(116c) Exergetic Temperatures for Exergy Targeting | AIChE

(116c) Exergetic Temperatures for Exergy Targeting



This work presents a methodology for targeting heat and power consumption in energy intensive processes (such as refrigeration cycles, power plants and heat recovery systems). The methodology uses process integration and exergy analysis as tools to obtain minimum exergy consumption and minimum losses (including exergy destruction). By decomposing the thermo-mechanical (physical) exergy of material streams into their pressure and temperature based exergies, it is possible to independently calculate the targets for power and heating systems. Besides, the identification of exergy sources and sinks becomes evident and easy to calculate. Exergy is neither linear with temperature nor with pressure. Actually, pressure is involved in rather complicated relations with temperature and exergy; however, it can be simplified by assuming ideal gas conditions. Under these circumstances, the decomposition of thermo-mechanical (physical) exergy is sharp and there is no dependency of temperature in the pressure based exergy. The targeting method utilizes this sharp split to independently manipulate the exergy components in order to get a linear relation with the specific heat capacity and an Exergetic Temperature. Therefore, changes from one exergetic temperature to another (i.e. for heat exchange without pressure drop) will be represented by a straight line in an Exergetic Temperature – Exergy diagram (Te - E). By definition, the exergy of a system is the maximum ability to produce work, thus it measures the thermodynamic quality of energy. Parameters, such as the Carnot factor, give indication of the level of the exergy; large figures indicate high exergy levels and consequently low figures indicate low exergy levels. The Exergetic Temperatures are also indicators of exergy level. Thus, Te – E diagrams illustrate the level and availability of exergy in material streams, allowing better understanding of the exergy transfer, and this insight can be used to improve process systems.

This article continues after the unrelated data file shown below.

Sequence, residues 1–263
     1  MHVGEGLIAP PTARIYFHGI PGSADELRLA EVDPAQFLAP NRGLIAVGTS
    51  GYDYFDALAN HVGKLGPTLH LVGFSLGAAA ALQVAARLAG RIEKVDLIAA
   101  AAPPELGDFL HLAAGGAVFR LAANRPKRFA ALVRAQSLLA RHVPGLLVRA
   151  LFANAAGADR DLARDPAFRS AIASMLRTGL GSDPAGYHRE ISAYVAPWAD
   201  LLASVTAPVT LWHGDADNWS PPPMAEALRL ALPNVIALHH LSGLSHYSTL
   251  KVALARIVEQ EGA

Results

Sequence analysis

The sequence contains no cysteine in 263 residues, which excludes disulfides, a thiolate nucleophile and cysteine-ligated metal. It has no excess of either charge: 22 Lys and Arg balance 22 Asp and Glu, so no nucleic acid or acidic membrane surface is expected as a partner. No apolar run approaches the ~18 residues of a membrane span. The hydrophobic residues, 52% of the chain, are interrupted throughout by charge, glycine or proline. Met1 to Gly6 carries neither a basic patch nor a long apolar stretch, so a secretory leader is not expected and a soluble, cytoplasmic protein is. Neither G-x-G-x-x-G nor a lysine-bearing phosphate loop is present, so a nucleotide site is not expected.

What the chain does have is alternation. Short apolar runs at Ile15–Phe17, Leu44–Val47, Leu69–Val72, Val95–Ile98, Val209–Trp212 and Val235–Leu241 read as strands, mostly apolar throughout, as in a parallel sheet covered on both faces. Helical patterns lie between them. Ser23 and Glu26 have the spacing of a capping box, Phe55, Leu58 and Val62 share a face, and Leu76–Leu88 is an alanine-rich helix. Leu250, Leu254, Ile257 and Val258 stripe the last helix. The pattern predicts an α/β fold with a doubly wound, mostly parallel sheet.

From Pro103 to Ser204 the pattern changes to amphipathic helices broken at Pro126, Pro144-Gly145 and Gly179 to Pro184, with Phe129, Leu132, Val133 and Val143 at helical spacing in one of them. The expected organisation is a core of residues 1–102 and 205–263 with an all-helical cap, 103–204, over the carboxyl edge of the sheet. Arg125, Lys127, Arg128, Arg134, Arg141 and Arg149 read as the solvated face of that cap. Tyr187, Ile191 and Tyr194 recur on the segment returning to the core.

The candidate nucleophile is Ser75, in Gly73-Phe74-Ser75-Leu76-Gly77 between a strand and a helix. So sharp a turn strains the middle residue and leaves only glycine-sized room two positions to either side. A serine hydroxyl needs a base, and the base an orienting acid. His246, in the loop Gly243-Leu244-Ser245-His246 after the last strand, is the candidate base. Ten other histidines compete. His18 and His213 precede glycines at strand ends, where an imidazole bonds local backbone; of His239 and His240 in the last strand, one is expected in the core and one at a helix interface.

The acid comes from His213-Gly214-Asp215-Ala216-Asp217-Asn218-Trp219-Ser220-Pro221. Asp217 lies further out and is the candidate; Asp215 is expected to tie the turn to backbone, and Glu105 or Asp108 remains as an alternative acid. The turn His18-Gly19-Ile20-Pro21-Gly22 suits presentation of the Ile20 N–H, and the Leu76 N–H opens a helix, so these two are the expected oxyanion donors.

For processes where heat and power are intimately related, such as Low Temperature Processes (LTPs), exergy seems to be a perfect evaluator for the conceptual design procedure. A new Exergy Transfer Effectiveness (ETE) is proposed for the calculation of a Coefficient of Exergy Performance (CEP) for processes above, below and across ambient temperature. Previous CEPs will be briefly commented. The ETE utilizes the simple concept of sources and sinks; however, due to the special behavior of temperature based exergy in some operating conditions (below and across ambient temperature), the recognition of these sources and sinks can be difficult. A general rule is presented for the identification of exergy sources and sinks in processes, where only thermo-mechanical (physical) exergy is under transformation. For any process stream subject to change in exergy, from state a (Ta, pa) to state b (Tb, pb) without crossing ambient temperature, it is established that all negative changes in exergy (ΔEa-b = Eb − Ea), or in its components, are categorized as exergy sources (except for the change in pressure based exergy due to pressure drop), while positive changes in exergy represent exergy sinks. If the operating conditions of the process or unit are across T0 (i.e. compressors in refrigeration cycles), an intermediate state i (T0, pi) is introduced, resulting in the existence of one source (from state a to i) and one sink (from state i to b) for the change in temperature based exergy.

Two simple case studies are used to illustrate the methodology and its capabilities. The first case is a simple heat recovery system with two hot streams and two cold streams where pressure drop is neglected. The heat exchange takes place above ambient conditions (T0, p0). The second case study is a reverse Brayton cycle utilized for the liquefaction of natural gas.